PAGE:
THE SNP is not always as light on the detail of independence as its opponents like to suggest. While unionist politicians would have us believe that each and every assertion made by Scottish Nationalists is based on fantasy, the truth is different.
Take, for example, the matter of the armed forces in an independent Scotland. Do you want detail? Well it’s there, and so is the cost.
The Scottish Government’s White Paper, published last year, proposes that a Scottish Defence Force (SDF) would have 20,000 personnel, 16 Typhoon jet fighters and four frigates. There is a description of how army, navy and air forces would be structured, and a proposal that the entire military machine would take three years to create.
And, crucially, the White Paper tells us that the SDF would cost £2.5 billion a year to maintain.
Of course, opponents say the detail is wrong, that there are too many questions unanswered, but this is a thorough piece of work, certainly detailed enough for the SNP to claim it credible. This makes the gaping hole in the SNP’s financial plans for independence which have emerged this week all the more surprising.
First Minister Alex Salmond is either unable or unwilling to tell us his Government’s estimate of the cost of establishing an independent Scotland. Thus, while he has suggested a cost for a defence force, he has not explained what the bill might be for setting up and maintaining a new Scottish ministry of defence.
Nor has Salmond made public his own costings for other new Government departments and institutions that would be required in an independent Scotland.
This is, as one prominent nationalist thinker told me, baffling.
In a great many cases, the SNP (and the broader Yes campaign) has problems when it comes to the costs and claimed benefits of its proposals. They may predict economic growth or fairer taxation and any number of agreeable sounding things, but until independence becomes a reality, if it ever does, then we will never know for sure whether that which is now asserted bears any resemblance to the truth.
So it is strange that the Scottish Government has not provided figures in this instance when there can be little doubt, surely, about what the needs might be.
It’s not credible that the Scottish Government can’t place a price on setting up new departments. They must by now know what sort of staffing levels they would require. It is not a leap, then, for a total cost to be calculated.
Here’s where the plot thickens. Back in June of 2012, Finance Secretary John Swinney briefed that work was under way to provide what he described as a “comprehensive” overview of the institutions, the staff numbers, and the costs required to run a separate state.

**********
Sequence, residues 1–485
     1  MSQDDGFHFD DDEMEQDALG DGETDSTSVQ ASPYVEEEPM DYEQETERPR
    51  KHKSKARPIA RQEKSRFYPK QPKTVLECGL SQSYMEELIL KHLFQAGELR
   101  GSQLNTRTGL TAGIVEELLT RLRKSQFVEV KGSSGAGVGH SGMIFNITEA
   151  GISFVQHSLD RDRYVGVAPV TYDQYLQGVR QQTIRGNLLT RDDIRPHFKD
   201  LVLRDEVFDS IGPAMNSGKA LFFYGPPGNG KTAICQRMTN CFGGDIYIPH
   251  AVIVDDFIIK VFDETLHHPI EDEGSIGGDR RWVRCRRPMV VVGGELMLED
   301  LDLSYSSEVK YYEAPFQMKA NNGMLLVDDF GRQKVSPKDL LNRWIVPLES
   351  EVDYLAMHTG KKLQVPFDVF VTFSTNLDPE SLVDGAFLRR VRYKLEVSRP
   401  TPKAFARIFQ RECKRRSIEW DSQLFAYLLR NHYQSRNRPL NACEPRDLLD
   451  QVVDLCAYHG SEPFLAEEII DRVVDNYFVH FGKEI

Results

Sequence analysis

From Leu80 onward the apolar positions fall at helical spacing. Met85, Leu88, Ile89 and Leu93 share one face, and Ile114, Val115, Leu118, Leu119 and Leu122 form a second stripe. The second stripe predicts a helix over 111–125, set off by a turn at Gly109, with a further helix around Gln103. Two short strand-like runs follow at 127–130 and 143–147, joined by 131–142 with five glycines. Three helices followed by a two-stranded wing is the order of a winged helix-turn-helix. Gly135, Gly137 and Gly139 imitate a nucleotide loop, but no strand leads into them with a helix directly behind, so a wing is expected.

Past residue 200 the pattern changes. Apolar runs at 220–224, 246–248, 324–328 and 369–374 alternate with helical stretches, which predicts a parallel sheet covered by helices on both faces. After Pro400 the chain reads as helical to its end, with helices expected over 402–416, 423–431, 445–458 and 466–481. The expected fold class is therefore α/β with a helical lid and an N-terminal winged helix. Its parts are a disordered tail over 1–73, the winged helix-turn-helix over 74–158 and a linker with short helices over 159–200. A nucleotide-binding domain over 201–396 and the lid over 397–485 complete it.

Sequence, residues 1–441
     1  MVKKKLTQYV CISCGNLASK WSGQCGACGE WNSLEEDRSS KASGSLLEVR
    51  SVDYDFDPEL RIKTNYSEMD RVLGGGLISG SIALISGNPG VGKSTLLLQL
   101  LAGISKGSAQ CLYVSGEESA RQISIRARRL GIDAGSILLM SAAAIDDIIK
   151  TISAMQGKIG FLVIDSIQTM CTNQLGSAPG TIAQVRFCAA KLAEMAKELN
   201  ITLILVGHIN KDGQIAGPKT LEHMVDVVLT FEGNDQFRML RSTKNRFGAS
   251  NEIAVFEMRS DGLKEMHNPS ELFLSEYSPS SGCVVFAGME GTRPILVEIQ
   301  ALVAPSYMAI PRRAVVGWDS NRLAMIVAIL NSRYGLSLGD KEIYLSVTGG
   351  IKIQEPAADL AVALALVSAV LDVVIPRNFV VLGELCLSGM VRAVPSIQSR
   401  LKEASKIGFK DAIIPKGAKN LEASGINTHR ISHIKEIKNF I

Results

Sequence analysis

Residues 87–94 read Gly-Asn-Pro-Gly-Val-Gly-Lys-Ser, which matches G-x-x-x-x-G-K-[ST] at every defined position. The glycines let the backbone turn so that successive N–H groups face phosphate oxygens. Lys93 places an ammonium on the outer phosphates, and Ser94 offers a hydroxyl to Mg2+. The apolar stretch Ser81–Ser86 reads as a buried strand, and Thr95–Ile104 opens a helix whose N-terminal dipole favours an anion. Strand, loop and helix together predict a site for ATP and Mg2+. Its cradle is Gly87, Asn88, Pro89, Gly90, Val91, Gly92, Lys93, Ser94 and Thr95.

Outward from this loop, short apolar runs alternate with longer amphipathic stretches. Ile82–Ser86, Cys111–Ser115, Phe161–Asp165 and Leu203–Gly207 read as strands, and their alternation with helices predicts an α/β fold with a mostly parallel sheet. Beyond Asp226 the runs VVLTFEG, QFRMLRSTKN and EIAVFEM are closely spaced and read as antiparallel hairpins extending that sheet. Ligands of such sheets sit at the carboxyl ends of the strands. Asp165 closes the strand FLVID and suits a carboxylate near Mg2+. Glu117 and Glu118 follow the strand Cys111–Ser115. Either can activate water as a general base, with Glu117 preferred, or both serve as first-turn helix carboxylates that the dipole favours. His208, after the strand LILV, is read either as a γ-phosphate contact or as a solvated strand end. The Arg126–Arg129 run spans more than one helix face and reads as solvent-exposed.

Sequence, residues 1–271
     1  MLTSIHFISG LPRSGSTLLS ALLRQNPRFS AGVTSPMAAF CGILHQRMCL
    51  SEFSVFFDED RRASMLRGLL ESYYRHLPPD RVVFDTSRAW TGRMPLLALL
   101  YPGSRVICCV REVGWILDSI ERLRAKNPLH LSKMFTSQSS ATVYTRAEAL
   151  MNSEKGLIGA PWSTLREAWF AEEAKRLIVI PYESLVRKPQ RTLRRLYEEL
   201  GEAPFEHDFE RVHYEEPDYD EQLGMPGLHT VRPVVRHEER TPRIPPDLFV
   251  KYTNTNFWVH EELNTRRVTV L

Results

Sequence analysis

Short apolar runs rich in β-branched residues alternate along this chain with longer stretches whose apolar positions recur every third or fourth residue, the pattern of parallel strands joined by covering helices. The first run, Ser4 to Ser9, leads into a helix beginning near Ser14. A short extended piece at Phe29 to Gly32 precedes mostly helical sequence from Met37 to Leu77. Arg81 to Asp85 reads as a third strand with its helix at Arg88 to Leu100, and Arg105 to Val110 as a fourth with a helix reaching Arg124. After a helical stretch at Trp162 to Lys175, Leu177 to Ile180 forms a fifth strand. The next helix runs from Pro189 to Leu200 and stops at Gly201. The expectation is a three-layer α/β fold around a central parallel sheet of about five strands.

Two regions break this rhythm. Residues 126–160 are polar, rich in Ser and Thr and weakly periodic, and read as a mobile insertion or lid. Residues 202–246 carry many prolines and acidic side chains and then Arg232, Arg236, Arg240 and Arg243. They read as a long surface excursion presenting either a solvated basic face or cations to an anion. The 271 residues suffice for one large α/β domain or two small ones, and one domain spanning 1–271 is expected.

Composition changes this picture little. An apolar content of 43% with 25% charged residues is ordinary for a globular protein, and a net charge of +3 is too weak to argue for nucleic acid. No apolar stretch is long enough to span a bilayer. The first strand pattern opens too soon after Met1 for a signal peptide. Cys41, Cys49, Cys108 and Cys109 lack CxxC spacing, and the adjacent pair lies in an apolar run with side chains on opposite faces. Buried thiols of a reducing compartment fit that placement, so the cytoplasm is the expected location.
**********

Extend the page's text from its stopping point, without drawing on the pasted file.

If this was happening – and who would doubt Swinney’s word? – then why is the First Minister unable, two years on, to show us the figures?
According to a spokesman for Salmond, civil servants have never been asked to produce a set-up cost for an independent Scotland. The work to which Swinney referred back in 2012 had been built into the White Paper, said the spinner. The White Paper, however, doesn’t contain a line about the cost of a new state.
The usually sure-footed Swinney participated in something of a car crash of a radio interview on the issue last week, failing 13 times to reveal what the cost of establishing an independent state might be.
Salmond later threw out an estimate of £250m which is around £180m less than the cost of the Scottish Parliament building and, therefore, might be considered optimistic. Salmond’s back of a fag packet response was downgraded, a day later, to £200m, or a Euromillions win and change.
The Scottish Government’s failure to publish costings collided messily with what should have been a great week for the Yes campaign.
Last Monday, the Treasury claimed that the cost of setting up an independent Scotland would be a far from inconsiderable £2.7bn. Opponents might dismiss this sort of thing as scaremongering, but that’s a scary figure.
What justified glee, then, among Nationalists when the academic on whose work this claim was based described the use of his research as ludicrous. Professor Patrick Dunleavy of the London School of Economics dismissed the Treasury’s claims as crude misinformation, pointing out that the figure of £2.7bn had been created using research into the cost of reorganising existing Whitehall departures. This was painful stuff for the Better Together campaign which had no good answer to the professor’s charge that the Treasury was talking rubbish.
The UK government’s shocking ineptitude on this issue might have given Yes campaigners a lift, but it does not remove from the SNP the responsibility to provide its own answers. “The No campaign’s figures are rubbish – but we don’t have any figures of our own” is hardly an inspiring message.
There have already been claims of a cover-up from Salmond’s opponents. They want to plant the idea that, in fact, the cost of Scotland standing alone has been calculated and that it is so terrifying that the First Minister dare not release it.
The fact is that this is one of only two possible scenarios. The other is that the costings simply were not done. This would leave a question over what Swinney meant in 2012. And it would take us back to the biggest question: why on Earth weren’t these costs calculated?
We can try to read some more positive strategy into it, but nothing logical presents itself.
The failure of the Scottish Government to provide some solid figures on the price of independence is just odd. It makes no sense.
The SNP is already fighting attacks on a number of fronts, on issues of currency, EU membership and credit ratings. The cost of an independent Scotland is a new battleground, one on which the Yes campaign is poorly armed.
That is the fault of the SNP, whose reasons for allowing this to happen currently remain a mystery. «